Chilton County peach farmers still optimistic after 2 cold night - WSFA.com Montgomery Alabama news.

Chilton County peach farmers still optimistic after 2 cold nights

Chilton County produces more than 70 percent of the state’s peaches (Source: WSFA 12 News) Chilton County produces more than 70 percent of the state’s peaches (Source: WSFA 12 News)
Chilton County peach growers are cautiously optimistic about a bumper crop this year (Source: WSFA 12 News) Chilton County peach growers are cautiously optimistic about a bumper crop this year (Source: WSFA 12 News)
CHILTON CO., AL (WSFA) -

If you're wondering what your peaches might look and taste like this summer, we're about to give you a clue. Chilton County peach growers found themselves facing two back-to-back nights of cold temperatures this week with Thursday night getting colder than they expected.

Todd Hayes is a second generation peach farmer seasoned enough to know what looks good.

"They're still okay right now," said Hayes pointing to a small bud on his farm. And Haynes knows what looks not so promising.

"They're kind of more vulnerable to a freeze," Hayes said pointing to an exposed part of the flower nipped by the cold.

Hayes has around 50 acres of peach trees and is feeling 'cautiously optimistic' of a bumper crop this year, a good feeling despite the two consecutive nights where temperatures got downright cold in Chilton County.

"Even a later variety, the early and mid varieties. They're all in good shape so far," he said.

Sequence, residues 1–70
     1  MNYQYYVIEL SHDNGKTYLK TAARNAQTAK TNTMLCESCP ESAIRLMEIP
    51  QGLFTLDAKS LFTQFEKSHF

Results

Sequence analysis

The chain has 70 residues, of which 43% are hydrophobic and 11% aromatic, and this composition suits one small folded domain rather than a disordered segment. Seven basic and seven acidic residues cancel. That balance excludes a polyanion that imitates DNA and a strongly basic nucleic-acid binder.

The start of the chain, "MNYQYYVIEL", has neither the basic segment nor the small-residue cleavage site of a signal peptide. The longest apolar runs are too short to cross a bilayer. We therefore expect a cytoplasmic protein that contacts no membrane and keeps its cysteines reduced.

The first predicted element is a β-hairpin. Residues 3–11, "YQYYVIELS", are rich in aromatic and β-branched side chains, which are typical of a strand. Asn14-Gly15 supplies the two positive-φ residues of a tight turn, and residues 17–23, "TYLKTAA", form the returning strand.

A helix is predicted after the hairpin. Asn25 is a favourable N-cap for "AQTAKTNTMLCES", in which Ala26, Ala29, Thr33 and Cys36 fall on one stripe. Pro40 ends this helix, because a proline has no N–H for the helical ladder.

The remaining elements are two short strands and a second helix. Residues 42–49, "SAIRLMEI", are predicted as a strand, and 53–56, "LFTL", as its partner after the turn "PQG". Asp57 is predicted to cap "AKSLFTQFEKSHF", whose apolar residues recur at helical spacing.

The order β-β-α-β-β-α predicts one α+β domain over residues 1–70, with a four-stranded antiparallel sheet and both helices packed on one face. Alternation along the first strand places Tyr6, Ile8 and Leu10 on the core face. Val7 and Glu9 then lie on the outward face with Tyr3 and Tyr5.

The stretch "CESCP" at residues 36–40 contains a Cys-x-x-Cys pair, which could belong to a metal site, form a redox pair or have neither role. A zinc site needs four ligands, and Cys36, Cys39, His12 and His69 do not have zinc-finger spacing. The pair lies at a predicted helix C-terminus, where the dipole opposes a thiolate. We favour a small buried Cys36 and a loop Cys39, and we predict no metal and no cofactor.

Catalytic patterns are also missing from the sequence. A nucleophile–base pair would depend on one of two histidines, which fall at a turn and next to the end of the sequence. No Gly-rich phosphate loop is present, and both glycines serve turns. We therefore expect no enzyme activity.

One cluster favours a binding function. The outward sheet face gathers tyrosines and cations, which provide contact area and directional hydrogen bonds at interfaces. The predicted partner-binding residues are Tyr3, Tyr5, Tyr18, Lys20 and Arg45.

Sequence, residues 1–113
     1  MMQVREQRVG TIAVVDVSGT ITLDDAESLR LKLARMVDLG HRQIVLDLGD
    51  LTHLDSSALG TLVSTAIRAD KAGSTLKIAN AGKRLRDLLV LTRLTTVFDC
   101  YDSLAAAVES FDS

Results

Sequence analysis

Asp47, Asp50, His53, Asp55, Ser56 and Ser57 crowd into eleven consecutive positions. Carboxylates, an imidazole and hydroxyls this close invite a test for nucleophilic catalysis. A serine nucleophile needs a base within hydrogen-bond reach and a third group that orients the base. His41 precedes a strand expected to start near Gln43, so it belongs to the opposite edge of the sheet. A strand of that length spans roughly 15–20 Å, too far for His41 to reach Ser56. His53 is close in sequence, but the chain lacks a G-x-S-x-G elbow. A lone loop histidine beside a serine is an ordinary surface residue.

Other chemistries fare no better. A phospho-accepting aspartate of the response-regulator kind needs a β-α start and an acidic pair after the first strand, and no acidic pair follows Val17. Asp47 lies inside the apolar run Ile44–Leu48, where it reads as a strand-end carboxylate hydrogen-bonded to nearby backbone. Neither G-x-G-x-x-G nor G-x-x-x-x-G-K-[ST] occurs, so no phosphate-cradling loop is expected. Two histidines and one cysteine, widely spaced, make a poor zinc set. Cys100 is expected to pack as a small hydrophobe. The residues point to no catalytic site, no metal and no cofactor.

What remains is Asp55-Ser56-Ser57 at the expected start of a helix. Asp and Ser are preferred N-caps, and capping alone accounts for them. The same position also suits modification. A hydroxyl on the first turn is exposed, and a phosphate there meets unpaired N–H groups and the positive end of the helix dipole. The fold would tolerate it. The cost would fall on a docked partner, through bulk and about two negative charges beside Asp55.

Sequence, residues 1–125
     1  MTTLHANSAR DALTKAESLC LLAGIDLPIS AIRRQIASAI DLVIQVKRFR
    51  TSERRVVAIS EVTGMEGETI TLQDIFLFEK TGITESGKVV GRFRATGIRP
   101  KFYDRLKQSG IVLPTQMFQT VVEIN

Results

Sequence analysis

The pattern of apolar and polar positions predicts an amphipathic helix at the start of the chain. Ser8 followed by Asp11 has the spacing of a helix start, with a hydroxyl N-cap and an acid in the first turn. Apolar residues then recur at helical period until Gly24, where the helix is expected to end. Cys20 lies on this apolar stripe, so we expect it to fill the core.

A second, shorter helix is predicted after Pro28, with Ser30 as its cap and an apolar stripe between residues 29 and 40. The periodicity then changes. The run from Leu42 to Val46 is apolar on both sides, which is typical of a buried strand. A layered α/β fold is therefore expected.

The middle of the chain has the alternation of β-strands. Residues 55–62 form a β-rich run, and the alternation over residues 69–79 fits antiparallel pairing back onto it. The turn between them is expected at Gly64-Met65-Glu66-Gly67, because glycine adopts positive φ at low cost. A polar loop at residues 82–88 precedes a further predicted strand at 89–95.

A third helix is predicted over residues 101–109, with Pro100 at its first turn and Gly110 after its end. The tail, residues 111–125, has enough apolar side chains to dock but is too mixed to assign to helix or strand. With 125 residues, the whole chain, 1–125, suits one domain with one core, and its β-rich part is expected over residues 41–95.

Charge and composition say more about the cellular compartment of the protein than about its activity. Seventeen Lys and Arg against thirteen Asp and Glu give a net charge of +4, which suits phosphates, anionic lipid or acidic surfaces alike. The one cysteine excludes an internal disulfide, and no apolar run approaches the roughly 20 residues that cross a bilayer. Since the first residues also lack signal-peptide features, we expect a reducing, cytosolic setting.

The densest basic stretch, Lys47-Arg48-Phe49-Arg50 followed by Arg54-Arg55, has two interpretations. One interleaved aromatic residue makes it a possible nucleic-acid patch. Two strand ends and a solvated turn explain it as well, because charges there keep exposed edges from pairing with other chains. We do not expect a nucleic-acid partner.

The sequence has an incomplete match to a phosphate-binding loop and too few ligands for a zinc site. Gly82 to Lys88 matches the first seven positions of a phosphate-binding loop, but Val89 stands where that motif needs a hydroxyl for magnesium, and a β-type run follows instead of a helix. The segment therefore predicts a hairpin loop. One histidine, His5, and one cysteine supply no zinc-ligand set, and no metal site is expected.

At the Chilton County Extension farm office in Clanton, Dr. Edgar Vinson says if there's any damage from this week's cold snap, it should be minor if any at all. The potential problem is as we get closer to the harvest, cold is not something you want.

"Because we would be a little further along in development. We should be okay," he said.

The peach trees need a certain amount of cold weather during its dormancy stage but too much of a good thing or not enough of it can be devastating. Hayes found that out the hard way last year.

You may recall last winter we had warm winter, not good for peach growers.Hayes lost 2,500 peach trees and they're all piled up.

The ground has been plowed to make room for new trees that Hayes will soon plant. He lives in a county that produces more than 70 percent of the state's peaches, a crop that covers 1,500 acres statewide generating more than $6 million in sales. 

Blount County is the second largest producer of peaches in Alabama, according to ALFA.

Copyright 2018 WSFA 12 News. All rights reserved.

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